Humans are hard-wired to process monsters, humanoids and other such fictional creatures as we do other humans, a new study has found.
The research demonstrates that we look for social, behaviorally relevant information in the eyes of others, even if those individuals are not like any actual species.
The paper was co-authored by 14-year-old Julian Levy, son of co-author Alan Kingstone. Levy was 12 when he first came up with the idea.
"This is a project that we would never have done in my lab if he hadn't suggested it to me," Kingstone told Discovery News.
Kingstone, a professor in the Department of Psychology at the University of British Colombia, explained that Julian "suggested it over dinner one day while I was commenting that people believed that it might be impossible to discriminate whether people look at the eyes or just the center of the face."
The answer is important for understanding what brain regions are handling the processing, he continued, with implications for training kids with social deficits, as well as theoretical and computational implications, since many scientific models often assume that the head, rather than the eyes, are being targeted.
Levy, Kingstone and co-author Tom Foulsham presented observers with images of people and characters from the popular fantasy game "Dungeons and Dragons." The latter consisted of "humanoids" (non-human creatures with eyes in the middle of their faces) and "monsters" (bizarre-looking fabrications with eyes positioned elsewhere).
There was a tremendous bias toward looking early and often at the eyes of humans, humanoids and even the monsters. People therefore immediately pay attention to the eyes of others, and not just the middle of heads.
Kingstone explained that "the eyes for the humans and humanoids were in the face of the images, and so people would target the middle of the image and then quickly make an eye movement left, right, diagonally, up or down, or wherever the eye or eyes happened to be," he said. "So spatially the looks for eyes for humans and humanoids versus monsters were different, but what they looked at, eyes, was the same."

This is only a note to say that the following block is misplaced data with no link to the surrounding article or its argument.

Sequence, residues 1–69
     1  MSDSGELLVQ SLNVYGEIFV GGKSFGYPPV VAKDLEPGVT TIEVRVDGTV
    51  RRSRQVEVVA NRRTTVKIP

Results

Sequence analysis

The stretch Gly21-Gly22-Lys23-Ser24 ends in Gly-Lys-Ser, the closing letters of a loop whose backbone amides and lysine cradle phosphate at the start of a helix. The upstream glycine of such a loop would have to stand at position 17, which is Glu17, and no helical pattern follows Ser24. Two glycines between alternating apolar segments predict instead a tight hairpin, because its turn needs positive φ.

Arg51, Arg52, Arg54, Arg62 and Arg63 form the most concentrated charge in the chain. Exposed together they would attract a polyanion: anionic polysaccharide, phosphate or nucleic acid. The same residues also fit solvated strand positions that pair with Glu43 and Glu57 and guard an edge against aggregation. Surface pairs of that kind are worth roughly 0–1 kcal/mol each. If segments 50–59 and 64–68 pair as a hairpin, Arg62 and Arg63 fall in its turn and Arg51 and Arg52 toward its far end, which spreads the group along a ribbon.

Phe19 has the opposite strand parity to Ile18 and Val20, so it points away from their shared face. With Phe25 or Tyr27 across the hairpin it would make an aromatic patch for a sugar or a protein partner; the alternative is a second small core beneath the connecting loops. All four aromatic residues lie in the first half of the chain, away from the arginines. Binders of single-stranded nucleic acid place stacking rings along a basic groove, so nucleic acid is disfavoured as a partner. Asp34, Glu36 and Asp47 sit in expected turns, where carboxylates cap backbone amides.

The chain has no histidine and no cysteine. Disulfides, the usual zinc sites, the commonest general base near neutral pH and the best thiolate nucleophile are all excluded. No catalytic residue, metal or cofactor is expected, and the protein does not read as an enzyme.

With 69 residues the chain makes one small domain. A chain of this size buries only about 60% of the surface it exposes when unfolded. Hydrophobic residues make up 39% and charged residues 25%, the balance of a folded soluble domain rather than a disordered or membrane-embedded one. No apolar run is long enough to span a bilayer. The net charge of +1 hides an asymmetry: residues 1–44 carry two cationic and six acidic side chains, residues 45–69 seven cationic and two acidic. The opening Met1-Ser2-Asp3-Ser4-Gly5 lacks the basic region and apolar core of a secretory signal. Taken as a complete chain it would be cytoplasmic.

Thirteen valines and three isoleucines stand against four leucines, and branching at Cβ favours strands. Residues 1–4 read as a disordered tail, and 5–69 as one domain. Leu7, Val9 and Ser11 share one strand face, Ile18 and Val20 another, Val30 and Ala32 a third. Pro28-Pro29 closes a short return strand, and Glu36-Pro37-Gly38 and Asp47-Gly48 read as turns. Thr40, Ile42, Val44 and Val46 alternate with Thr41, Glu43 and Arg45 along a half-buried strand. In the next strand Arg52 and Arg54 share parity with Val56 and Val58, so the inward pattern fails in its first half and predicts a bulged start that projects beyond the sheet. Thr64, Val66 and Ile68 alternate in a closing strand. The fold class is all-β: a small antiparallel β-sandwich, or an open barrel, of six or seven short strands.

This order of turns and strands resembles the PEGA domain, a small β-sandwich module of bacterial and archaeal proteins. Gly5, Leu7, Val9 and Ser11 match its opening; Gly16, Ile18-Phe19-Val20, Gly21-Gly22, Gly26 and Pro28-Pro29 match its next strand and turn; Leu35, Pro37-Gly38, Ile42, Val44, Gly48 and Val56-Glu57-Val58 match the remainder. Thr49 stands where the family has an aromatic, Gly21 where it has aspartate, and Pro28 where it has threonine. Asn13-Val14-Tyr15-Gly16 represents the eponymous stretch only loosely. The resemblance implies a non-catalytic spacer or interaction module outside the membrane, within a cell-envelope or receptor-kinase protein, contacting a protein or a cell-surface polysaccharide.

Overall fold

Other primates are believed to do this too, so the hard wiring could go beyond even our earliest primate ancestors.
Outside of primates, other animals have also been found to follow an individual's gaze. These include birds, dogs, seals, goats and dolphins.
"Eyes seem to capture one's attention, and also be able to act as a cue to direct another's attention. Understanding the neurological underpinnings of gaze behavior is important, but to date this has been a very difficult question to address," explained Scott Sinnett of the University of Hawaii.
The new paper, he continued, "provides a simple and clever approach to disentangling this by using 'monsters' that have eyes in different areas of the body."
He was also impressed that Levy was so young when he came up with the concept.
"It just goes to show that some ingenuity, a lot of hard work, and an active imagination can lead to some inspiring work," Sinnett said.
Walter Bischof of the University of Alberta's Department of Computing Science is another Levy fan.
"He is an exceptionally gifted young man, and I am convinced he will go on to become an excellent scientist," Bischof told Discovery News. "The idea for this experiment is Julian's. He collected / devised the pictures, he ran the experiments, and he did some of the analyses. I am thoroughly impressed by his talent and work."
The research was published in the latest Royal Society Biology Letters.